With 40km to go, two back to back climbs take you up to the highest point of the 2018 Etape, at 1613 metres above sea level. Col de Romme is the first of these two climbs and is one of the toughest in the Haute Savoie area. The spectacular views only improve as you get near the top, something to distract you from the 9.3km grind at an 8.8% average. Drink and refuel on a fast descent through the forest to Reposoir, ready to take on the last climb of the day.
After 7.5km up the Col de la Colombière at an 8.5% average, you're rewarded with a 13km descent, and then it's a 1.5km false flat to the finish in Grand Bornand.
Tips to help tackle this ride:
If you are taking part in this year’s Etape, you are in for a treat, with spectacular views, challenging mountain climbs and the benefit of closed roads.
- Four major climbs feature, two starting just 40km in, and two back to back in the last 40km so take it steady, pace yourself and save something for the later sections. If you feel great when nearing the end, you can use that reserve of energy to push on
- If you are experienced at riding in groups, try and get into a group on the flat valley in the middle section, other riders will help carry you along at a faster pace and will save you energy, but try not to get carried away
- Shift into the small ring before you reach the big cols, and get your legs spinning as the road rears up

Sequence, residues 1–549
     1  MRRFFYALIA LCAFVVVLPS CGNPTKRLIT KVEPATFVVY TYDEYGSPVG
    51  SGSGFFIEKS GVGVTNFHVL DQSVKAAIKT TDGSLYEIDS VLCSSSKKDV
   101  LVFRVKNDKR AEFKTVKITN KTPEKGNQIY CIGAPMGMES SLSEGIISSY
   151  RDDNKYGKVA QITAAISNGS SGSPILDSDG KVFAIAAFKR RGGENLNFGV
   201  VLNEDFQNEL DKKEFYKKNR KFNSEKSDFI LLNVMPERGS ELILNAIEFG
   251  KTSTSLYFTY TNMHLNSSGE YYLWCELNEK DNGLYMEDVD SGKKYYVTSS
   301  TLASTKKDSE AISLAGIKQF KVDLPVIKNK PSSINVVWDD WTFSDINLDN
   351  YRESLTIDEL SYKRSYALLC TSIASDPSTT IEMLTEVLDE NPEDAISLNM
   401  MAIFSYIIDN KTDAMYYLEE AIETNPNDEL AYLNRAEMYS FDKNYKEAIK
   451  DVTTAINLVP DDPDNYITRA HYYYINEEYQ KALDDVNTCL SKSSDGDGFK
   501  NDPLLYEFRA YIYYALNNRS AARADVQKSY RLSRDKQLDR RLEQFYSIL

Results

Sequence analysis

- Keep well hydrated - it's worth adding hydration tablets to your water - and eat throughout, taking advantage of the flats and drags to fuel, but be sure to keep this up during the climbs. You should take in food at least every 30 minutes. Little and often is key and make the most of the well-stocked feed stations the organisers put on
- Take the climbs steady and at your own pace, don’t chase other riders as you may go into the red and pay for it later up the road
- Riding on the tops of the hoods when climbing will allow you to take in more oxygen. Try to limit the time you spend climbing out of the saddle as it raises your heart rate and puts more stress on your upper body
- Ride within your limits, especially on the descents, and be aware of other riders and their varying abilities. Changeable weather conditions can alter braking distances, so be aware of the road conditions before you go too hot into a corner
Sure to be a once in a lifetime experience, this years edition may not take in any of the Tour's most famous climbs, however, this is made up for by the spectacular views and the inclusion of an unpaved gravel road. If you are taking part in this year’s Etape, you are in for a treat with challenging mountain climbs and the benefit of closed roads. Most importantly though, enjoy it!